GENEVA, November 9, 2010 –  Victims of Libyan torture and terrorism said today that the Qaddafi regime’s report to a U.N. Human Rights Council panel is a whitewash of its abuses, and that the country should be removed from the council.

“Libya’s report seeks to cover up its well-documented practices of torture, violations of freedom of religion, attacks on migrants and refugees, oppression of journalists and opposition politicians, and the discrimination against women” said Hillel Neuer, executive director of UN Watch, a Geneva-based monitoring group.

UN Watch heads an international NGO coalition of more than 30 groups campaigning to remove Libya from the council.  In the last session of the Human Rights Council, UN Watch organized the testimony of four well-known victims of Libyan abuses.

Bob Monetti, whose 20-year-old son Rick was killed on Pan Am Flight 103 over Lockerbie, Scotland: “Allowing Libya to be involved in the UN Human Rights Council in any way is a travesty.  Libya is a dictatorship which doesn’t protect its citizens’ human rights and flagrantly murders citizens of other countries. I guess a Libya government official would be able to recognize a human rights abuse – but he’d just think of it as business as usual. Ali Mohamed Megrahi was one of the people who planted the bomb on Pan Am 103.  He was a high-ranking member o Libyan intelligence. Why ever would the UN let Qaddafi judge other countries’ human rights records?”

Kristyana Valcheva, one of the five Bulgarian nurses who in 1998 were imprisoned and tortured on trumped-up charges of poisoning children with HIV: “I and five others were abducted on false charges, imprisoned and brutally tortured. They undressed me totally naked, and tied me to a metal bed. And then the worst started—inquisition by electrical shock. They tried to destroy us physically, mentally and morally.  We were hostages for eight and a half years.  We have never received an apology or compensation for our suffering.”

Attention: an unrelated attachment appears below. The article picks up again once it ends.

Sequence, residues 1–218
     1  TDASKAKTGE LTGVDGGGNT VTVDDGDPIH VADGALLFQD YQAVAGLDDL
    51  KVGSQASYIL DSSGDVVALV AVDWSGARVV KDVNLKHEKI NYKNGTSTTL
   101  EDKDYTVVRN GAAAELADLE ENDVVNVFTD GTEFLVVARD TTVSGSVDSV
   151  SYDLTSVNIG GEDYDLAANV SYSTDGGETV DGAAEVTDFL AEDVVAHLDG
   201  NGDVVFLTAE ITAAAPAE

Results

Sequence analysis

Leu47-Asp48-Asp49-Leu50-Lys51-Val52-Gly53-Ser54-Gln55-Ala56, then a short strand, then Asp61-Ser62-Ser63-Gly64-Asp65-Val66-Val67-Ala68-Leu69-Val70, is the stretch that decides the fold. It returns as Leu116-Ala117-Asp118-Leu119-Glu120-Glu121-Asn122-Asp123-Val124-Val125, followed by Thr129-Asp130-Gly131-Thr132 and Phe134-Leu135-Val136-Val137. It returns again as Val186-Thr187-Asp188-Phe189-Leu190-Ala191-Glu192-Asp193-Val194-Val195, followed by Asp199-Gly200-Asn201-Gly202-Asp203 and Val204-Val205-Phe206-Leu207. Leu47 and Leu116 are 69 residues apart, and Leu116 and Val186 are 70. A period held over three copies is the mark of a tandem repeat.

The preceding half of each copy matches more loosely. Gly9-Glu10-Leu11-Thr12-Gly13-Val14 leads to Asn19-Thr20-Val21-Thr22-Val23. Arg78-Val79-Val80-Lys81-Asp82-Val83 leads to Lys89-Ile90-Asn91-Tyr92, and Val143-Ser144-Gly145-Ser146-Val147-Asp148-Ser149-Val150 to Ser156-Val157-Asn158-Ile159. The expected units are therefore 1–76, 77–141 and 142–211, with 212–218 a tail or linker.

Ashraf El-Hajouj, the Palestinian doctor who was victimized together with the Bulgarian nurses: “Libya violated all of my human rights. We were detained under inhumane conditions for an extensive period of time. We were subjected to regular physical, mental, sexual and psychological torture. How can Libya be elected a member of the Human Rights Council?”

Mohammed Elijahmi, speaking of his late brother Fathi, the world-famous dissident: “My brother Fathi Eljahmi was subjected to five years of intense torture and isolation, leading to his death on May 21, 2009. My family asks: When will the Human Rights Council establish an international investigation into my brother’s imprisonment, torture and death?  Why is the government of Mr. Qadhafi, which tortured and killed my brother—and which is one of the world’s worst violators of human rights—now an elected member of the UN Human Rights Council?  When will the Council do the right thing, and stand with the Libyan people, to defend their human rights?”


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